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Samira Rajabi was diagnosed with a vestibular schwannoma, also known as an acoustic neuroma in 2012. She writes a blog about her life, surgeries, recovery and experiences at LivingWithHerbert.com. She is a doctoral candidate at the University of Colorado where she studies media studies and the interactions on social media during times of trauma. In her spare time she plays with her two pups and tries to get outside as much as possible.
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Redefining Strength for the Trauma Sufferer

There are so many ideas of what it is to be strong, but what if strength lies in being honest, being vulnerable and being ourselves?
PUBLISHED: MAY 16, 2017
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I had brain surgery in 2012. The surgery was long. Recovery was hard. Walking was a challenge without someone to hold on to. I couldn’t bathe myself, my sister had to do it. Food wouldn’t stay down and I carried a bucket around with me just in case the complicated cocktail of drugs took me by surprise. I had brain surgery in 2013. Recovery was hard. I had to prove my strength to myself and those around me. I came armed with a bucket this time. I had brain surgery in 2015. The surgery was hard. Recovery was non-existent. Before I even got to check out of the hospital, I had another brain surgery. And another. And another. And so on. I had brain surgery in 2016. I am still recovering.

Recovery is hard. I have to prove my strength to myself and others.

Society paints our bodies with insecurity telling us that we should move, act, think, be and look a certain way. Our hair should be long, our abs chiseled, our smiles should be bright and white. We should be thin but we should be curvy. Tall but not foreboding. We should be strong but feminine.

Society tells us that our strength is measured in our ability to look the way a strong body looks. We should stand tall, on unbroken legs. We should move fluidly; we should not falter. We are weak if our bodies display the soft swell of trauma, and the tough bumpiness of scar tissue. We are weak if we cry, frown, waver. We are strong if we smile in the face of defeat. Society tells us that “strong” is in the way we look and the way we overcome, not in the way we live with and the way we thrive alongside of our challenges.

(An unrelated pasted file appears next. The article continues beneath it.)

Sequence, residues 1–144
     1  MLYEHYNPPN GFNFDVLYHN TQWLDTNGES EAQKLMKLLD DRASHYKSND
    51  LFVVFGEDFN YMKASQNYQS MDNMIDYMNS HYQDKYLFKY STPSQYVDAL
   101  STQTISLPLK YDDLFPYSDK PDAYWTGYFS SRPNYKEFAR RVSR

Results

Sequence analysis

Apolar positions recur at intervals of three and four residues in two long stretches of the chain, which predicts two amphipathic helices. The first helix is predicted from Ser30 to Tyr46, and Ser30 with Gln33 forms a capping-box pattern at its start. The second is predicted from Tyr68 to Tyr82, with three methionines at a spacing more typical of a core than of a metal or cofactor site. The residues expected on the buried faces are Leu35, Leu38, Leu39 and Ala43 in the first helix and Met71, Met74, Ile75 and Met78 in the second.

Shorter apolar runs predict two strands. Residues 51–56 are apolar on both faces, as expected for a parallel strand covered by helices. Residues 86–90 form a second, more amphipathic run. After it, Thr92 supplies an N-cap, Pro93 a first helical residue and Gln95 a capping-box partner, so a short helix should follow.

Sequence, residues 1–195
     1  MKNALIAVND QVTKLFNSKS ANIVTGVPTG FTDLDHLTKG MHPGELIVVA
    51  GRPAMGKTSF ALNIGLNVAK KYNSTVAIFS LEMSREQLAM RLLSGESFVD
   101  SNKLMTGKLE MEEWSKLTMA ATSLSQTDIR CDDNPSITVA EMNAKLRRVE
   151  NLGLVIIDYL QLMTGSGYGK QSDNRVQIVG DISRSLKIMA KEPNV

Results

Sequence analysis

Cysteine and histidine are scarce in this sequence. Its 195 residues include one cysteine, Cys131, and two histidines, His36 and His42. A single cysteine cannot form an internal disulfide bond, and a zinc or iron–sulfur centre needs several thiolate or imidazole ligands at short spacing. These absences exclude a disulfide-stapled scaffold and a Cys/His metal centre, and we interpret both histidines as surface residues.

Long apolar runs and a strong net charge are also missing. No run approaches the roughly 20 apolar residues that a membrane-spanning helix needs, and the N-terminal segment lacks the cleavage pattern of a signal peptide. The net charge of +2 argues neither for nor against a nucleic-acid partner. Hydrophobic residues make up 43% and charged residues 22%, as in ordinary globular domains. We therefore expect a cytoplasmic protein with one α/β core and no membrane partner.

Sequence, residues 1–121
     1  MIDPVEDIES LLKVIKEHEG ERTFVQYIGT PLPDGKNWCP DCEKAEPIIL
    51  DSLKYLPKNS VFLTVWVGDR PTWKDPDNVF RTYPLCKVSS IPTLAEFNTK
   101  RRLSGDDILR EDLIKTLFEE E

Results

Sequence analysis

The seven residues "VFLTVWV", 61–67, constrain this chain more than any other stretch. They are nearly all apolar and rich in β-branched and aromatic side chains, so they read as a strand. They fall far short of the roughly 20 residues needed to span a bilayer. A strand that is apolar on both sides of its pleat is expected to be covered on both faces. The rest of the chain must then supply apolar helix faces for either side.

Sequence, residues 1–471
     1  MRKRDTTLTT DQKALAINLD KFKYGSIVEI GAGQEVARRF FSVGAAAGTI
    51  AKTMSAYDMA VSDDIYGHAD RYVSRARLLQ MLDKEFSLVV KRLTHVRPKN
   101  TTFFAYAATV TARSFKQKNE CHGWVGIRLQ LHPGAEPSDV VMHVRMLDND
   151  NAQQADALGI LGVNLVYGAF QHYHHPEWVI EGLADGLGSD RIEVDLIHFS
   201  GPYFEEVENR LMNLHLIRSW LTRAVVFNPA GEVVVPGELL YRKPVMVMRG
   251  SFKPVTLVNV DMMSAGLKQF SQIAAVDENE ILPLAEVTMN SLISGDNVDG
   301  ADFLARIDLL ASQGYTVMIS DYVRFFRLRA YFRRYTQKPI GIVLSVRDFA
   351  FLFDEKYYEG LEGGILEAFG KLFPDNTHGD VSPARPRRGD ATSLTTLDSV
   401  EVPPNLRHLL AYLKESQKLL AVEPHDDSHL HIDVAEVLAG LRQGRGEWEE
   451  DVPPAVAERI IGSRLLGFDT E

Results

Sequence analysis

My body used to be one of those chiseled bodies, strong enough to look formidable but not so strong as to abandon its air of femininity. This was a body built by accident, borne of a love of weightlifting to loud music and running until my troubles drifted away. This was not a body that cared what society told it to be, it was a body that just was lucky enough to fit the normative frameworks that we so mistakenly use to judge one another.

Then, I got brain surgery, and brain surgery didn’t care about the way jealous eyes painted insecurity onto my fragile body. And my tumor didn’t mind that my body became soft, and my pain didn’t either.

It’s been about 10 months since my last brain surgery and my life is a careful balance of everyday exertion matched with pain killers and treatments. I often, in my changed physical state, get caught in the trap of allowing social standards to define my vision of strength for myself. I feel weak as I feel the new contours of my body, changed by scars, softened by trauma. Then I remember that society doesn’t get to paint meaning onto me. And I remember that strength is not borne of the weights we lift or the distances we run. It comes from the way we choose to inhabit the space we take up, mentally, physically and spiritually. Our strength is in the way we engage with the world, and the ways in which we lift each other up.

I am strong, not because my body and mind survived the surgeries. That was a combination of luck, resources and access to health care and insurance. I am strong because I do not allow the judgements of the world to be embodied in me. I am strong because I do not choose to judge my body against any other, I do not pit our bodies against one another; rather, I choose to embolden those around me to be their best self, no matter what that looks like. I am strong because I do not stop trying to recover or at very least live while recovering, and help all those around me do the same. We may be tired, but we must continue to live.

Today I went for a run. Runs for me are few and far between and I’m lucky to have days where my pain stays at bay long enough to run into the wind. After about a mile, the beating of my heart and head made me slow my pace. And as I walked I did not see my walking rather than running as a failure, instead I walked tall and with pride, steady on my feet, celebrating my strength.
 


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